In April 1823 the Torre and Monksilver Receiving Houses were converted to Penny Posts.  Dunster remained Fifth Clause because of objections from Mr Luttrell of Dunster Castle.  This lasted until February 1829 when Dunster became a bye-office so letters were charged according to the General Post rate based on the mileage to the town.

The first example I have from the Taunton Fifth Clause Post does not have any markings to indicate this.  It is from 1814, so before the boxed Receiving House handstamps were issued.  It was written in Chapel Cleeve, 3 miles north of the Torre Receiving House.

The postal charge does not include anything for the Fifth Clause Post because the Fifth Clause Post charges were supposed to be paid by the sender.  When a Fifth Clause Post was set up it was agreed and underwritten by the (principal) inhabitants so that the Post Office would not bear any losses.  As part of this, the charging scheme for the Post was agreed (it did not have to be a straight 1d like the Penny Post).  A consequence was that the local inhabitants were supposed to pay the costs of the Fifth Clause Post directly as they were the ones that had agreed them.

Wednesday, 2 July 2014

Dunster Fifth Clause & Penny Post - postal charge problems !

In 1826 Dunster was still a Fifth Clause Post of Taunton.  The entire below has the boxed "No.4" handstamp (only known used in 1826) along with a Dunster mileage mark.  I originally thought that it should have been charged 1d for the 5th Clause Post to Taunton plus 4d for the up to 15 miles from Taunton to Wiveliscombe (ten or thirteen miles depending on whether it went via Wellington) making 5d - not the "7" which is clear on the front.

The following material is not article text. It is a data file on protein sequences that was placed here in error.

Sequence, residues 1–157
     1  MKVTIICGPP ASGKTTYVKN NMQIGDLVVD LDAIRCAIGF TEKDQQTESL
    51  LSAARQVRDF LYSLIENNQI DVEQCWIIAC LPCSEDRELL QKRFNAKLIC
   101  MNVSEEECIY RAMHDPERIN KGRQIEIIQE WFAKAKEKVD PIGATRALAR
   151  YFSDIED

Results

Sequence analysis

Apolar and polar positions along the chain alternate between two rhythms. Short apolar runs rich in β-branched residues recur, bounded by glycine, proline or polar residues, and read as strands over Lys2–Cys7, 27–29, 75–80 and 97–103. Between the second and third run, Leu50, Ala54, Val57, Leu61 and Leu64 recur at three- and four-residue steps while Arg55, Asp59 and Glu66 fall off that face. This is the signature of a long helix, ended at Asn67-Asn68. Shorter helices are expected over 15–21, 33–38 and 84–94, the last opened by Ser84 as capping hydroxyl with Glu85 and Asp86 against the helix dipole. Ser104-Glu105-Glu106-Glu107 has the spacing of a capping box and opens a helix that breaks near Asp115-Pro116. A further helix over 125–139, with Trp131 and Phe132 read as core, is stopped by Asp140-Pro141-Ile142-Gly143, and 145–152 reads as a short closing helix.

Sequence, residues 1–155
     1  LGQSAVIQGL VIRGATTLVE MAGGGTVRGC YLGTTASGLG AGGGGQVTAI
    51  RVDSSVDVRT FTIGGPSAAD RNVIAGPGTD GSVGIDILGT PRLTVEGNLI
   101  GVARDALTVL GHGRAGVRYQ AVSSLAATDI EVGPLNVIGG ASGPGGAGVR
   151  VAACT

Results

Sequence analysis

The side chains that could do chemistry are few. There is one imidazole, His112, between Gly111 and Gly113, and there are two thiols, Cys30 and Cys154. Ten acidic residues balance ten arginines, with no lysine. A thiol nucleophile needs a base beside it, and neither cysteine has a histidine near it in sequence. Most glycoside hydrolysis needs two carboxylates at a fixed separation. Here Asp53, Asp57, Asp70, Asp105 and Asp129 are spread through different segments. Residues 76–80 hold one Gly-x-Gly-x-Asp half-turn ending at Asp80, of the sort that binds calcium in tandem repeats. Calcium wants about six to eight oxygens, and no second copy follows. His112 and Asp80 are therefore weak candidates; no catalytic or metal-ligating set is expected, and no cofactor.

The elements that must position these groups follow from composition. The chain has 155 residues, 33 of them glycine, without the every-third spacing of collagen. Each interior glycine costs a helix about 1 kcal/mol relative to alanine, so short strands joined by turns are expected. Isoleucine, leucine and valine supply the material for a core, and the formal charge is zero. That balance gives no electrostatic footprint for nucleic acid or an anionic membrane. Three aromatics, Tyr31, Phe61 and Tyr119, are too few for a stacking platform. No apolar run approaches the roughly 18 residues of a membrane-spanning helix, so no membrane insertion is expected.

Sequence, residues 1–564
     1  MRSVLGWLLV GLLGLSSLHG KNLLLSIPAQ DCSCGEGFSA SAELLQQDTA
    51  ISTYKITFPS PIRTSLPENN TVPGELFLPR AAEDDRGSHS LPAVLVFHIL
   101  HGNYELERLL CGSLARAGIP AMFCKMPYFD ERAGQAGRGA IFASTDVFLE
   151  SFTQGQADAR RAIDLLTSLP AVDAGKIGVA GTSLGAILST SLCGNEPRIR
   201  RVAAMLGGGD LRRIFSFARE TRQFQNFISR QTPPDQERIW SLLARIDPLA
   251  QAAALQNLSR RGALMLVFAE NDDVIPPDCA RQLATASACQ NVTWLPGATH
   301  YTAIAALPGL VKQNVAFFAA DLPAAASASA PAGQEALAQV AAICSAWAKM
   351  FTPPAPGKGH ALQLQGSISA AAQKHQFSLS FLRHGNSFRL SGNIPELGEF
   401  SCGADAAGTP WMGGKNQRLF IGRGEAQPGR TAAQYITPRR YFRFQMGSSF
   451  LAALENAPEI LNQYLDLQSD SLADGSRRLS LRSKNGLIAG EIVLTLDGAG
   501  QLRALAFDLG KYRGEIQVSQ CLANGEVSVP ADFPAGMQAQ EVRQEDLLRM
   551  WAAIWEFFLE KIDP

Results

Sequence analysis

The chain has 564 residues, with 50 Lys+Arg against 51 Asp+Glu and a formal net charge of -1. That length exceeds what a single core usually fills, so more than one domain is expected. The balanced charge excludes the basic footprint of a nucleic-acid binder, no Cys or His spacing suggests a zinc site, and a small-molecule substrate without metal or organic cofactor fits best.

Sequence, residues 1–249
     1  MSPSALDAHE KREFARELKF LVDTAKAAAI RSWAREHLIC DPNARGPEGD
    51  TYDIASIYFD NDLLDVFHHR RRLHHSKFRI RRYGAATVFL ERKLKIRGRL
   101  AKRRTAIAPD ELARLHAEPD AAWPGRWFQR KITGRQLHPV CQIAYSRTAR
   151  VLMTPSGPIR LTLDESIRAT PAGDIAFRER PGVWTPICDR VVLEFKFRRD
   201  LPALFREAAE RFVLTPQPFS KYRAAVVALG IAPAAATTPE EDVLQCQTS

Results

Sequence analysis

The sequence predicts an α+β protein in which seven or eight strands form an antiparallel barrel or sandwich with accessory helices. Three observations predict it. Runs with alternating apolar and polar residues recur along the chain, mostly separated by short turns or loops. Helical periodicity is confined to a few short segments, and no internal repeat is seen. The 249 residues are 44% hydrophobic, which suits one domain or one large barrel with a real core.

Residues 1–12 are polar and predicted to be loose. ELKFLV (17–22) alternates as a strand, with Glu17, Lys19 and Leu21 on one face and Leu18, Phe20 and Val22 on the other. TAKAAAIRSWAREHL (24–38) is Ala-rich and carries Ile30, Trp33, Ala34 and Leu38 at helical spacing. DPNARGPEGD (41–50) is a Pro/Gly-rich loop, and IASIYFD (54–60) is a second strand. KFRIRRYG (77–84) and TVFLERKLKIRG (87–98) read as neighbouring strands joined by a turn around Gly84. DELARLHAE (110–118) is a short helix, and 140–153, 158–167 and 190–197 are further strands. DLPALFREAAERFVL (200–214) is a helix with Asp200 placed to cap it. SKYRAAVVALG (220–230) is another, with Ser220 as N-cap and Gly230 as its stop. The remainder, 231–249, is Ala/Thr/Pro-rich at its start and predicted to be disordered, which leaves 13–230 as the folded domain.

However, on examination of other Taunton Fifth Clause Post letters, they all seem to either omit the 5th Clause Post charge (correctly, because the sender is supposed to pay the 5th Clause Post charge) or they charge as if the whole distance had been in the General Post - which is what has happened in this case.

In February 1829 Dunster was made a Sub-Office to Taunton so postal charges to/from Dunster were based on the General Post rate rather than being in the Taunton Fifth Clause Post.

The entire below has a "Dunster / Penny Post" handstamp and is charged 6d to go to Wiveliscombe. If the entire went via the route I would expect, that is from Dunster to Taunton and then back out to Wiveliscombe, the distance is around 30 miles (actually a little over) which would translate to at most 6d in the General Post rate (probably 7d as in the entire above) - this does not leave anything for the Dunster Penny Post.

Without the Dunster handstamp one would imagine that it would have gone from the Washford Receiving House to Taunton for 1d in the Taunton Penny Post, and then been charged 4d in the General Post for the less-than 15 mile from Taunton to Wiveliscombe, making 5d in total.

Can anyone give me a clue why the first entire is charged based on the General Post all the way and why the second entire has the Dunster Penny Post handstamp and is charged so little ?